Cats have a reputation for being mysterious, don’t they. Memes on social media are full of inscrutable cats planning scary things. Vets will tell you that cats are masters at hiding pain.
They have sound biological reasons for this. Cats are both predator and prey when out in the big world, and instinctively know they need to keep a low profile. If a cat by himself in the wild started wagging his tail or bouncing around like his doggie friends, he could become a target for harm.
That’s why cats are such subtle communicators. Your cats’ messages are there. You just have to learn to read them.
Like most of us, cats have their personal space bubbles. We humans are constantly invading their bubbles, wanting to pet them and pick them up. We call the edge of that bubble the Line of Consent.
When you go over your cat’s Line of Consent, you may trigger her to withdraw. She might pull in her body, her ears may start to flatten and her whiskers may tuck back to the sides of her head. These behaviors may be microscopic, but if you look closely, you’ll see them.
The better you get at seeing small changes in your cat’s body language, the better your communication with her will be. If you miss those cues or misread them, she may move to more fearful behaviors, like making herself smaller by pulling away completely or running away to hide.
Going over the line with some cats can force them to use their claws or teeth to defend from something they perceive as a threat. Remember, humans are one of cats’ main predators, so that informs all their interactions with us.
A cat who’s been repeatedly forced into situations she feels uncomfortable with can become frozen in place, without the spark of curiosity that makes our cat friends so interesting. She may close her eyes and appear sleepy or very quiet.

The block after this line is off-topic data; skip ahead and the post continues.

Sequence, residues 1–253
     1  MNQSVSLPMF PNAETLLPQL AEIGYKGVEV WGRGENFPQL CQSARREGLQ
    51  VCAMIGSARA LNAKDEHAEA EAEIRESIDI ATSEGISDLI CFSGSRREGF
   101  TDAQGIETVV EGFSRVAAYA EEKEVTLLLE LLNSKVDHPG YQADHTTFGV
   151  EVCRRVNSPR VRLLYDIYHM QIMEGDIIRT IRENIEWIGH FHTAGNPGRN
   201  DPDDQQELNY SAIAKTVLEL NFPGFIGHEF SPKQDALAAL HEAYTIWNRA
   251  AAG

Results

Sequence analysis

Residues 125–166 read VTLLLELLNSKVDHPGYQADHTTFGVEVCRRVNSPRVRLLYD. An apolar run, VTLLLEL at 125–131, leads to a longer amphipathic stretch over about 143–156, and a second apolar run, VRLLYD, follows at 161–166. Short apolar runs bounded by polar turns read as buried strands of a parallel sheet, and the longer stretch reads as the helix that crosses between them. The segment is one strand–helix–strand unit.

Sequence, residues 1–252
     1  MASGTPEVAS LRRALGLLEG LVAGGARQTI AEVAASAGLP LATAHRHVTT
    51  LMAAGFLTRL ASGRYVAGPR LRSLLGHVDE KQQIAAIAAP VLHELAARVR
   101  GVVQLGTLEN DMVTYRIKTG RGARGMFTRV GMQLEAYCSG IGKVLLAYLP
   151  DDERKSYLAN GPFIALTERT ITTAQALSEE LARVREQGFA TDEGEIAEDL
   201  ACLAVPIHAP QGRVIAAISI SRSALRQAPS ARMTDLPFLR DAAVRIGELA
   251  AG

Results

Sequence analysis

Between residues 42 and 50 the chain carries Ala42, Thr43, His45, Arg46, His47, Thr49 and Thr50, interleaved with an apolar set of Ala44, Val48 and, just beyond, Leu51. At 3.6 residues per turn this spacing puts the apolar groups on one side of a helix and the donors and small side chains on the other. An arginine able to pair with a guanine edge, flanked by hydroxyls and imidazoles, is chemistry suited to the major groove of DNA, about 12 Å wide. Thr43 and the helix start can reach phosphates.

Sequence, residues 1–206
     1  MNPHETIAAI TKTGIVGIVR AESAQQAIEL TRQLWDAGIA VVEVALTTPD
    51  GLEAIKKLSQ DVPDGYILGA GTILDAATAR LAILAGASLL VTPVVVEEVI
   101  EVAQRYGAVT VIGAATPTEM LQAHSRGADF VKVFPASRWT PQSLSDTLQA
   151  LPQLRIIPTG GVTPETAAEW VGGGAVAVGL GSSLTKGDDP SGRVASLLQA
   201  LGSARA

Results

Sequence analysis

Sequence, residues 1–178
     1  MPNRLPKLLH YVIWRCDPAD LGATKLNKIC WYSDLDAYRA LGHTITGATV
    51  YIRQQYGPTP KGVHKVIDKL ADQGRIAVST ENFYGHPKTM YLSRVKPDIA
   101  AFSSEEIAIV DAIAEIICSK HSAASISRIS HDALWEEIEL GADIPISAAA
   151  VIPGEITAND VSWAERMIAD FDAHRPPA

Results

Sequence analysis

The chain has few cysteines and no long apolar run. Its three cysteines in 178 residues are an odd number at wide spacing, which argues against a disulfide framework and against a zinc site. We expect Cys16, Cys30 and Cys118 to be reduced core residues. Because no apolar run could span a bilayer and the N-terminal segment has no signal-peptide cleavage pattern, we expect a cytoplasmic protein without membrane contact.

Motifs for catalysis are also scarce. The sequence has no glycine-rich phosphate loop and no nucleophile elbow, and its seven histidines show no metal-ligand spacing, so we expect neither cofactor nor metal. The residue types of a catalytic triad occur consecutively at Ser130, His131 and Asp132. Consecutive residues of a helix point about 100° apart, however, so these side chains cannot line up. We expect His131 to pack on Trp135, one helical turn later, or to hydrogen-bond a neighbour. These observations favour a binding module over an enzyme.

Many of the cats on social media in human-like positions, especially if forced into clothing, are cats who have given up, knowing they don’t have a choice with this huge predator they live with.
Another cue that your cat may be uncomfortable can be found in her eyes. A cat who is relaxed and open to your interaction will have soft eyes with normal pupils. Her whiskers and ears will be relaxed or a little forward. She will often give you a slow blink, which is an invitation for more contact.
That’s how she would communicate with another cat. If a cat stares straight at another cat, it is often a signal that an attack is about to follow. That’s why staring at cats can make them fearful.
If her eyes are squinty, or open wider than normal with dilated pupils, she could be fearful about whatever you’re doing. If you look closely, some cats even have worry lines above their eyes that show up as a curved shape in their upper eyelid.
These subtle cues can be even more challenging to read in a black cat, but they are there. Some cats’ faces have lowered brow lines that can make their eyes look angry, especially when combined with flattened ears, when in fact they are just scared. Cat responses to humans going over a cat’s line of consent are usually based in fear, not anger.
Assigning a human emotion like anger or spite only discounts the fear that cats can feel living with us humans, getting us off track from the need to figure out what the cat is feeling..
Watching you cat’s Line of Consent can help understand her body language. If you take the time to learn what her eyes, ears and whiskers look like when she’s relaxed and happy, you’ll be able to spot even the smallest changes when she’s trying to tell you something.
Sara Ferguson is the Director of Happy Cats Haven, a feline rescue and adoption center in Manitou Springs, Colorado.